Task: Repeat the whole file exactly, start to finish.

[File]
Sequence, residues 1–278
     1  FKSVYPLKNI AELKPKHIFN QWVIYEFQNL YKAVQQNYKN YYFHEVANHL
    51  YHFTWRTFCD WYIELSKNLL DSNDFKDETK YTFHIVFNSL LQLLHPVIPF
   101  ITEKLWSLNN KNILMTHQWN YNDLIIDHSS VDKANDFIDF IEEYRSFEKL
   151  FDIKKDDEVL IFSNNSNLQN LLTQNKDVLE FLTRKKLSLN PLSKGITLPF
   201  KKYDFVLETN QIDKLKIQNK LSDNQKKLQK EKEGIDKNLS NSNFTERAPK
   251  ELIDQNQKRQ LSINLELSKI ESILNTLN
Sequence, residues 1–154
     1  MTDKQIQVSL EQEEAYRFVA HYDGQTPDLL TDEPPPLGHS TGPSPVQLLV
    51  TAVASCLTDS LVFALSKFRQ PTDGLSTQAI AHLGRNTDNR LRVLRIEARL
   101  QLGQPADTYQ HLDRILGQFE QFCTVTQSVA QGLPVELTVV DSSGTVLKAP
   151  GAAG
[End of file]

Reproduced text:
Sequence, residues 1–278
     1  FKSVYPLKNI AELKPKHIFN QWVIYEFQNL YKAVQQNYKN YYFHEVANHL
    51  YHFTWRTFCD WYIELSKNLL DSNDFKDETK YTFHIVFNSL LQLLHPVIPF
   101  ITEKLWSLNN KNILMTHQWN YNDLIIDHSS VDKANDFIDF IEEYRSFEKL
   151  FDIKKDDEVL IFSNNSNLQN LLTQNKDVLE FLTRKKLSLN PLSKGITLPF
   201  KKYDFVLETN QIDKLKIQNK LSDNQKKLQK EKEGIDKNLS NSNFTERAPK
   251  ELIDQNQKRQ LSINLELSKI ESILNTLN
Sequence, residues 1–154
     1  MTDKQIQVSL EQEEAYRFVA HYDGQTPDLL TDEPPPLGHS TGPSPVQLLV
    51  TAVASCLTDS LVFALSKFRQ PTDGLSTQAI AHLGRNTDNR LRVLRIEARL
   101  QLGQPADTYQ HLDRILGQFE QFCTVTQSVA QGLPVELTVV DSSGTVLKAP
   151  GAAG